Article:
We speak to the famed civil rights leader as he walks a group of Madison students back to school as they reopen following a week of teacher protests, who joined tens of thousands of others to oppose the state’s efforts to pass anti-union legislation targeting public employees. “It’s no longer about workers making economic concessions,” Jackson says. “It’s about the Governor wanting to deny workers the right to collective bargaining.” [includes rush transcript]
This is a rush transcript. Copy may not be in its final form.
AMY GOODMAN: We move from the Middle East and Midwest. For more than a week now, Wisconsin has been the focal point in a national fight to protect workers’ rights. Republican Governor Scott Walker sparked an uproar after announcing plans to cut pay and eliminate collective bargaining rights for public employees. The unions have agreed to accept all Walker’s proposed cuts, which would see them pay 12 percent of their health benefits, half their pension costs, but the unions have refused to relinquish their right to collective bargaining.
As the standoff continues in Wisconsin, the struggle is intensifying in other states. On Monday, Iowa’s Republican Governor Terry Branstad called for a measure that would bar public workers from negotiating their health benefits. In Indiana, Republicans have proposed a bill to remove union membership as a condition of employment. Meanwhile, in Ohio, tens of thousands are expected to pour into the State Capitol of Columbus today for a rally against Senate Bill Five. The measure would require state employees to abandon collective bargaining, pay more toward health insurance premiums, and switch to a so-called "merit-based" pay system. Republican Governor of Ohio John Kasich has said public employees who go on strike should lose their jobs.
GOV. JOHN KASICH: If they want to strike, they should be fired, under this —- you know, you should not allow -— you know, look, you can have the change in the law that says, you know, we — again, these decisions are not finally made, but, you know, there are ways to say that you’re not going to strike, and we are going to continue negotiations without a binding arbitrator.
REPORTER: And just to make sure I’m clear, you do not think police and fire, emergency services, should have the right to strike?
GOV. JOHN KASICH: I really don’t favor the right to strike of any public employee, OK? That’s my personal philosophy. How practical that is to implement, you know — but my personal philosophy is I don’t like public employees striking, OK? I mean, they have good jobs, they’ve got high pay, they’ve got good benefits, a great retirement. What are they striking for?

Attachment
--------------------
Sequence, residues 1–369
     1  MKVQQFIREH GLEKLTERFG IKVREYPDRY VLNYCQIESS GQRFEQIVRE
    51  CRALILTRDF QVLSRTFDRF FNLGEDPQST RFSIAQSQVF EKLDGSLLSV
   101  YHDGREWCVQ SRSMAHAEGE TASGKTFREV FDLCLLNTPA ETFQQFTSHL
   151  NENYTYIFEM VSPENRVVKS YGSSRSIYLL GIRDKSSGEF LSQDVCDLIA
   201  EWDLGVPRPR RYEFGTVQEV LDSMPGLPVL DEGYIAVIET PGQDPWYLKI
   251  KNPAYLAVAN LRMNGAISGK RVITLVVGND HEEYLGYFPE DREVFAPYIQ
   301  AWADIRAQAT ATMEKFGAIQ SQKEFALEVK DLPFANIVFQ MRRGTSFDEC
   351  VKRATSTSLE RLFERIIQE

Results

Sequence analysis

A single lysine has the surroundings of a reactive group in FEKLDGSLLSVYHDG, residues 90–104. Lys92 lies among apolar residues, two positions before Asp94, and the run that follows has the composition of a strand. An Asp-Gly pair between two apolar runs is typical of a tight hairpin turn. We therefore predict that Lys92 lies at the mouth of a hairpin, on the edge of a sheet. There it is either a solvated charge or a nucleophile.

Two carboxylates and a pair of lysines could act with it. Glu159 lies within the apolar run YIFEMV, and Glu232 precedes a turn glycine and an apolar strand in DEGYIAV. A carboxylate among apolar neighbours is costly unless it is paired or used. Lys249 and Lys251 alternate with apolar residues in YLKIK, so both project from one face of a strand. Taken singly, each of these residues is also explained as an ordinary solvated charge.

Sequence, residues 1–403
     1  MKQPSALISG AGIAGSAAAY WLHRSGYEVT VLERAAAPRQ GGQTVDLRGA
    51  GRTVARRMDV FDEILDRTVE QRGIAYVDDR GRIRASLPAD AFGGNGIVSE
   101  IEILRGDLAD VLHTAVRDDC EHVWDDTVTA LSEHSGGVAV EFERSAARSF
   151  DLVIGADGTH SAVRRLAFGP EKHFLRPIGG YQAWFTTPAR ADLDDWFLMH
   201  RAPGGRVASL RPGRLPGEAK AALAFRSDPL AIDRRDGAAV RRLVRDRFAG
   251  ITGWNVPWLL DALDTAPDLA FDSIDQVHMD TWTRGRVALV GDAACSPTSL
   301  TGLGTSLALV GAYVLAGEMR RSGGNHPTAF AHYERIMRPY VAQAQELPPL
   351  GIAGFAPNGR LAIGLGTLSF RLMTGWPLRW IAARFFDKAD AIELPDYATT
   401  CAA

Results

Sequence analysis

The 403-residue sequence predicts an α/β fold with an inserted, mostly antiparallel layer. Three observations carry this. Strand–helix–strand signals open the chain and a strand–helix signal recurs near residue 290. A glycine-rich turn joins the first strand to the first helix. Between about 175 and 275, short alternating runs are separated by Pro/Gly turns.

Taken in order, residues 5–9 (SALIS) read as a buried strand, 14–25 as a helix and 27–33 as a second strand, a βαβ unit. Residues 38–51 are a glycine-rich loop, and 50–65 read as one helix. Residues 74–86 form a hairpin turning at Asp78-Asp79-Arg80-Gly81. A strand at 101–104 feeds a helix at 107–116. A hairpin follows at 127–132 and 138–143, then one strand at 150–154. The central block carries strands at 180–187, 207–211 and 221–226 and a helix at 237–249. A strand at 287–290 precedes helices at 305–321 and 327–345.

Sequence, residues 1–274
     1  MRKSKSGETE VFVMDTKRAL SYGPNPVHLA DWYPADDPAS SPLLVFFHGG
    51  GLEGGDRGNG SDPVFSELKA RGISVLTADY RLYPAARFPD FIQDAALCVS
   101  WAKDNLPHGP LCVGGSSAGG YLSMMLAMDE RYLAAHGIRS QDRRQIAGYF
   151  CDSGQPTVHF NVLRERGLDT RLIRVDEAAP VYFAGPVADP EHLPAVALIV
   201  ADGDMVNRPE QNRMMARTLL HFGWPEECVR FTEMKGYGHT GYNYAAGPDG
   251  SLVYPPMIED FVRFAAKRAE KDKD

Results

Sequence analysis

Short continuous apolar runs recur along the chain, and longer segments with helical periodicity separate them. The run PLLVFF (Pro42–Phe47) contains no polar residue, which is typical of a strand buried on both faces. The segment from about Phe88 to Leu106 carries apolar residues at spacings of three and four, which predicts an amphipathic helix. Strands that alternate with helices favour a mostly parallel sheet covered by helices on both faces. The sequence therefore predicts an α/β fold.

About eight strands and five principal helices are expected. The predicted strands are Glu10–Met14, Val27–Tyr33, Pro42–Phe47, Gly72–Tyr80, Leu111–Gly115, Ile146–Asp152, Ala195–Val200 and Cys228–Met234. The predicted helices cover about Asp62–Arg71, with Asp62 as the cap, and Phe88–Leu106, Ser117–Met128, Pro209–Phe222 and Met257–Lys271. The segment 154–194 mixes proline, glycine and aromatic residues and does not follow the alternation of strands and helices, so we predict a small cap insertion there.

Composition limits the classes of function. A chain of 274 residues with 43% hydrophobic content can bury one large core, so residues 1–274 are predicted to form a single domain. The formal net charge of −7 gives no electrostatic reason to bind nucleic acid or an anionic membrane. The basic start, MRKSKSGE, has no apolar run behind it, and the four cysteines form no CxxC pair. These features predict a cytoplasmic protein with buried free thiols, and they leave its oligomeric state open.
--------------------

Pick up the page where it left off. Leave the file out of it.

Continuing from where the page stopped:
AMY GOODMAN: That was Republican Governor of Ohio John Kasich.
For more on the struggle from Ohio to Wisconsin, we’re going to start in Wisconsin because the Reverend Jesse Jackson is walking with a group of students into school, their first day back to school in, oh, more than a week. He is part of this rally to reopen the Wisconsin schools.
Reverend Jackson, welcome to Democracy Now! I know you’re headed to Ohio, where we’re going to go next, but talk about the scene right now where you are in Madison.
REV. JESSE JACKSON: Good morning.
AMY GOODMAN: It’s good to have you with us.
REV. JESSE JACKSON: Well, it is an awesome scene here, where workers are fighting for basic economic justice. And yet, they go back to school today, because there have no conflict between children pursuing an education and teachers having job security at the same time. I recall in the '60s we would be marching and studying at some time, taking out books to the jail cell. And so, teachers are going back to school today, but the struggle here for workers' rights or collective bargaining will not stop, nor will their quest to have educational equity for all of the children.
AMY GOODMAN: Reverend Jackson, we were just playing a clip of actually the Ohio governor, John Kasich. You’re headed to Ohio next. But talk about Madison as ground zero for this worker rebellion, a citizen rebellion, in Wisconsin.
REV. JESSE JACKSON: Yeah, what is significant here is that it’s no longer about workers making economic concessions. It’s about the Governor wanting to deny workers the right to collective bargaining. He wants to move to a real states’ rights ideological posture. And workers cannot give up their basic right to collective bargaining. I mean, Dr. King’s last act on earth, marching in Memphis, Tennessee, was about workers’ rights to collective bargaining and rights to dues checkoff. You cannot remove the roof for the wealthy and remove the floor for the poor. And that’s what’s happening, with the Glass-Steagall Act removing the roof for the bankers and making corporations be a person, remove the roof for the rich, and then crush the floor for working people. And that’s not right. And workers should not be the scapegoats for this economic collapse. Workers are not the reason why we had the home foreclosure crisis with greedy banks and lack of oversight. It’s not workers’ fault that we have a misadventure into Iraq and Afghanistan for a trillion dollars, or a trillion-dollar tax deal at Christmas time — you cut taxes for the wealthy and cut jobs for workers. Workers should not and must not be the scapegoat for this. Again, the beauty here in Madison is that at least in places like Libya, they don’t have the right to fight the right; in America, we do. Let’s decide that right to fight for the right.
AMY GOODMAN: Well, Reverend Jackson, I thank you for being with us. We’re going to be going to Ohio in a minute, where you’re headed to today.